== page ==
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Nandgaon, Mathura, Uttar Pradesh - Celebration

Lathmar Holi celebrations in Nandgaon
March Trekking, Travelling and Photography Andy Rawat

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India's Lathmar Holi Hindu festival: Women covered in coloured powder beat men with sticks. The Hindu festival of Holi, also known as the Festival of Colours, begins. Participate in Holi festival is a great experience for some one specially for foreigners visit in India. It is one of the great way to increase the bonding with each other. Thus, despite of the use of lathis and shields this event of Lathmar holi is filled with love and humor which not only enjoyed by the participants but also by the devotees who come from different parts of world just to witness this beautiful moment blessed by the love and divinity of Lord Radha and Krishna. Holi celebrations start with the Lathamar Holi in the Village of Barsana and last for a week across various Krishna temples. Krishna visited Barsana, Radha’s village and teased her and her friends whereupon the girls took revenge and chased Krishna away to his village, Nandgaon. Everything is red: the air, the floor, the people. And of course, it is a jackpot for every photographer.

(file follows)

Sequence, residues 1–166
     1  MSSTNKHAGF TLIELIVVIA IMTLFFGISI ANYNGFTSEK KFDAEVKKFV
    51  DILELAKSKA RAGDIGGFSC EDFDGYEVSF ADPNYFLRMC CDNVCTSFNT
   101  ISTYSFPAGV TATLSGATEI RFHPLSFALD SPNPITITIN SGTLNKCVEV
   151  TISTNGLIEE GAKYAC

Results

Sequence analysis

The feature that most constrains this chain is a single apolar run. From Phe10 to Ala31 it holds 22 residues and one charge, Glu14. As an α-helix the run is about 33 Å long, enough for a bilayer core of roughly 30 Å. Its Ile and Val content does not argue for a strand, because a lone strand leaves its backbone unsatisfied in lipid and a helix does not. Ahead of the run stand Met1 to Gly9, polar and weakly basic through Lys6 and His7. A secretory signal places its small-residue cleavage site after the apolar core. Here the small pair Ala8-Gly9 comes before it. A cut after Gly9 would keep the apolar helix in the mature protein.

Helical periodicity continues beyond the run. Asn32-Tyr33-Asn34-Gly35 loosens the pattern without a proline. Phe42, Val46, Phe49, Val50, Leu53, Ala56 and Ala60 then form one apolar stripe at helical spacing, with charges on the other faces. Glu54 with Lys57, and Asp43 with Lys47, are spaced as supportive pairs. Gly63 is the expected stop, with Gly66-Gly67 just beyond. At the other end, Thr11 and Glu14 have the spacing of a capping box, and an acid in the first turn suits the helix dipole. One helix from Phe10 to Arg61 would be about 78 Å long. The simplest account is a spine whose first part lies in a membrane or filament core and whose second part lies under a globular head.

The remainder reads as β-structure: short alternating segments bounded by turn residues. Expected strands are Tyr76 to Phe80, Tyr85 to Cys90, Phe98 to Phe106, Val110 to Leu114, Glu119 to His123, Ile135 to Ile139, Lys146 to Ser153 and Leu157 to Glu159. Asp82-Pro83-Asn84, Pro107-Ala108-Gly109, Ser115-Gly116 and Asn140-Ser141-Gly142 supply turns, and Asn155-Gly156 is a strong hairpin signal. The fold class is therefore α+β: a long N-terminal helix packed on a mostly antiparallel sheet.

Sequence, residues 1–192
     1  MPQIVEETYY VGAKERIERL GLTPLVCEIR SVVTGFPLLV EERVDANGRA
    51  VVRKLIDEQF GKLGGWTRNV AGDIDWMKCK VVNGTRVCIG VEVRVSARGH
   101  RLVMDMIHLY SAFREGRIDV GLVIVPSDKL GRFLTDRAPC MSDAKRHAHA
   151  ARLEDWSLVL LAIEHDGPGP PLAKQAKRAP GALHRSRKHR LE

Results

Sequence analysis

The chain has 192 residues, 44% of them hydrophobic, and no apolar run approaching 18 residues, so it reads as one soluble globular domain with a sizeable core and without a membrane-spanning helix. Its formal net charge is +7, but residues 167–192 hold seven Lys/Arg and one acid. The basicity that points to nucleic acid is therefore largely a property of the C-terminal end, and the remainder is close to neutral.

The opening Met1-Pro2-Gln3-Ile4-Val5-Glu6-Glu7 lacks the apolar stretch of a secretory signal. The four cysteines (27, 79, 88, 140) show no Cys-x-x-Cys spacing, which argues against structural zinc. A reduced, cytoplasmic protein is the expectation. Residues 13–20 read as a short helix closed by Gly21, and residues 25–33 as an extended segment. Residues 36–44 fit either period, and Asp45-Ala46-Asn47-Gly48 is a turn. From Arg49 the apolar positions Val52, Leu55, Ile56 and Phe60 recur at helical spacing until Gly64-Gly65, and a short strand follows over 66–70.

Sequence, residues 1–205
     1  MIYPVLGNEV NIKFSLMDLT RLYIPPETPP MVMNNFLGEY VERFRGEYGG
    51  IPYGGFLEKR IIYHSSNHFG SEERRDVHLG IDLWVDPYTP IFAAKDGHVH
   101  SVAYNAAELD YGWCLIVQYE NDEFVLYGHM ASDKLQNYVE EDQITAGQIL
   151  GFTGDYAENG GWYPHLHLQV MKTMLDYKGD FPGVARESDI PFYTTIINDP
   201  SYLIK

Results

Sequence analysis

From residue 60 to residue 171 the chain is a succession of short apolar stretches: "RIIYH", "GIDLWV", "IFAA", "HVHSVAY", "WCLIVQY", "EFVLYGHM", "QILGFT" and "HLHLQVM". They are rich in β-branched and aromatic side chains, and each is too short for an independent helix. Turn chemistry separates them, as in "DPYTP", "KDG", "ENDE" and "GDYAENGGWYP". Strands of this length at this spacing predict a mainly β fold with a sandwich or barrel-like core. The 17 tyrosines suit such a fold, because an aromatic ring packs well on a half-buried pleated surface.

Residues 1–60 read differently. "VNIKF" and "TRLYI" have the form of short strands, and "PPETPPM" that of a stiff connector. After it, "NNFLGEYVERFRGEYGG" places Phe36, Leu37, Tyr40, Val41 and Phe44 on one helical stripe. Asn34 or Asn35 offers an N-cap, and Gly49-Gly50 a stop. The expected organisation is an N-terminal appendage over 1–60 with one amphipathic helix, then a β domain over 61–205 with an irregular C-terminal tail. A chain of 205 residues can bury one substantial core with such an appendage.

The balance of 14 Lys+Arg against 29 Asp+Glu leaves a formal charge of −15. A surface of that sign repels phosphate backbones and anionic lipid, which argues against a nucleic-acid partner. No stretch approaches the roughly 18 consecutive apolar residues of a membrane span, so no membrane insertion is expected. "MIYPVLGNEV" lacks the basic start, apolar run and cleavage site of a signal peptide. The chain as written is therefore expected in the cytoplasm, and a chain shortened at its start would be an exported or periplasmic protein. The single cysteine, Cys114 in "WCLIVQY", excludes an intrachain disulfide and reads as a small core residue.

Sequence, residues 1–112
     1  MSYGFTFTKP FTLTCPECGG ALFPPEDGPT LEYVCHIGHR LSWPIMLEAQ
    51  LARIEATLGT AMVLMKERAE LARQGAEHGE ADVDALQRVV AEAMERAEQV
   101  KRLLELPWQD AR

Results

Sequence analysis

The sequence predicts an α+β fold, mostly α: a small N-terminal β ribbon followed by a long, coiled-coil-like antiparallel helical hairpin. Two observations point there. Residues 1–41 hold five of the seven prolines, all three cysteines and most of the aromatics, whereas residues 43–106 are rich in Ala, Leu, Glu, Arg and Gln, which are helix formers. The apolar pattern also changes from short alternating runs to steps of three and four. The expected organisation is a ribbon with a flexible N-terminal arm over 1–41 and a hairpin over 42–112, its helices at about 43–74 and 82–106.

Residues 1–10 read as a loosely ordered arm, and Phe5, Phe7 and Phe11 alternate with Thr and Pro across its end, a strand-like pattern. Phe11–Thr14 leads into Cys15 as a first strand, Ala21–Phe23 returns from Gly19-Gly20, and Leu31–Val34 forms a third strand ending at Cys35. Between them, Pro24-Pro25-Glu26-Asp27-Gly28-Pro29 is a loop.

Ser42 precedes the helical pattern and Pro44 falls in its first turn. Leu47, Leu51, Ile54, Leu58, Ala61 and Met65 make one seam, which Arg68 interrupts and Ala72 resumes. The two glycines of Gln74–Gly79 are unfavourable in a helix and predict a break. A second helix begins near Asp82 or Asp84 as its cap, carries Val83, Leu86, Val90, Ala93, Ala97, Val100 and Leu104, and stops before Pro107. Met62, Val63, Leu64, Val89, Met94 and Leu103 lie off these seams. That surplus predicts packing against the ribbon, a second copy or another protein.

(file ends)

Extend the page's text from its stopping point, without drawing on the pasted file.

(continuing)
The inflow of tourists see a drastic increase at the time oh holi as it is one of a kind experience which attracts foreigners from all parts of the world. People enjoy seeing men beaten by women with sticks and people surrounding them sing bhajans and holi songs in local language. Here, women, adorning the role of gopis, beat up men, who dress as gops, with sticks (lath); therefore the name: Lathmar Holi. Lath mar Holi is a local celebration of the Hindu festival of Holi. India's famous Lathmaar Holi in Nandgaon. Countdown begins for Lathmaar Holi in Nandgaon. Lath mar Holi is a local celebration of the Hindu festival of Holi. They reciprocate by invading Nandgaon and drench the womenfolk of Nandgaon in colours of kesudo, naturally occurring orange-red dye and palash. This day, women of Nadagow beat the invaders from Barsana. It is a colourful site.

“Put yourself in a state of mind where you say to yourself, Here is an opportunity for you to celebrate like never before, my own power, my own ability to get myself to do whatever is necessary.” – Anthony R.
Detailed Itinerary